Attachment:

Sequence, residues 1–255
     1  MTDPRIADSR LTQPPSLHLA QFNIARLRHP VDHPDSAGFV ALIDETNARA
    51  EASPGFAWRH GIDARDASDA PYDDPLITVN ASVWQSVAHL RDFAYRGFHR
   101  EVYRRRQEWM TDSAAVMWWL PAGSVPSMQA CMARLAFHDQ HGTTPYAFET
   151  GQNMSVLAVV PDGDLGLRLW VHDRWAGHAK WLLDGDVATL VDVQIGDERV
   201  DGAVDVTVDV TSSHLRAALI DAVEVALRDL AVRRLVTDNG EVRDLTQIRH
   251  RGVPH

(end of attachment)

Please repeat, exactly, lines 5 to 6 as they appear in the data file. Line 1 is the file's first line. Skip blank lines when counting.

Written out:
   151  GQNMSVLAVV PDGDLGLRLW VHDRWAGHAK WLLDGDVATL VDVQIGDERV
   201  DGAVDVTVDV TSSHLRAALI DAVEVALRDL AVRRLVTDNG EVRDLTQIRH